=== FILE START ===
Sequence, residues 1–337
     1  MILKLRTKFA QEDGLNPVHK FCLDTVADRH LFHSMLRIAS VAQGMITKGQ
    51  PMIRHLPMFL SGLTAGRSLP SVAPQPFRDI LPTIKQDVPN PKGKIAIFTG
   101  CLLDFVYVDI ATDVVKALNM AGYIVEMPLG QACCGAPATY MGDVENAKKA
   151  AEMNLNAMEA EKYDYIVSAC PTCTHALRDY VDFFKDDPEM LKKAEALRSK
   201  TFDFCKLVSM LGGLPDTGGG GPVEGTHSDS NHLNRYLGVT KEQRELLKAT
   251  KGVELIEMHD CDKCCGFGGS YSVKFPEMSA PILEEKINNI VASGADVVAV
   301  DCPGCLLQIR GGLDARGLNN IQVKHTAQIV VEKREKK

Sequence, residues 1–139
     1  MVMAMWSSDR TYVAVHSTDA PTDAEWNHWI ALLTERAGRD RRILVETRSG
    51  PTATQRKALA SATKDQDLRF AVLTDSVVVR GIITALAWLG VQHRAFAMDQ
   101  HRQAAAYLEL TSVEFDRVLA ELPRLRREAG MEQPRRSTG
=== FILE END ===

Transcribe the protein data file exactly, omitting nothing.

Sequence, residues 1–337
     1  MILKLRTKFA QEDGLNPVHK FCLDTVADRH LFHSMLRIAS VAQGMITKGQ
    51  PMIRHLPMFL SGLTAGRSLP SVAPQPFRDI LPTIKQDVPN PKGKIAIFTG
   101  CLLDFVYVDI ATDVVKALNM AGYIVEMPLG QACCGAPATY MGDVENAKKA
   151  AEMNLNAMEA EKYDYIVSAC PTCTHALRDY VDFFKDDPEM LKKAEALRSK
   201  TFDFCKLVSM LGGLPDTGGG GPVEGTHSDS NHLNRYLGVT KEQRELLKAT
   251  KGVELIEMHD CDKCCGFGGS YSVKFPEMSA PILEEKINNI VASGADVVAV
   301  DCPGCLLQIR GGLDARGLNN IQVKHTAQIV VEKREKK

Sequence, residues 1–139
     1  MVMAMWSSDR TYVAVHSTDA PTDAEWNHWI ALLTERAGRD RRILVETRSG
    51  PTATQRKALA SATKDQDLRF AVLTDSVVVR GIITALAWLG VQHRAFAMDQ
   101  HRQAAAYLEL TSVEFDRVLA ELPRLRREAG MEQPRRSTG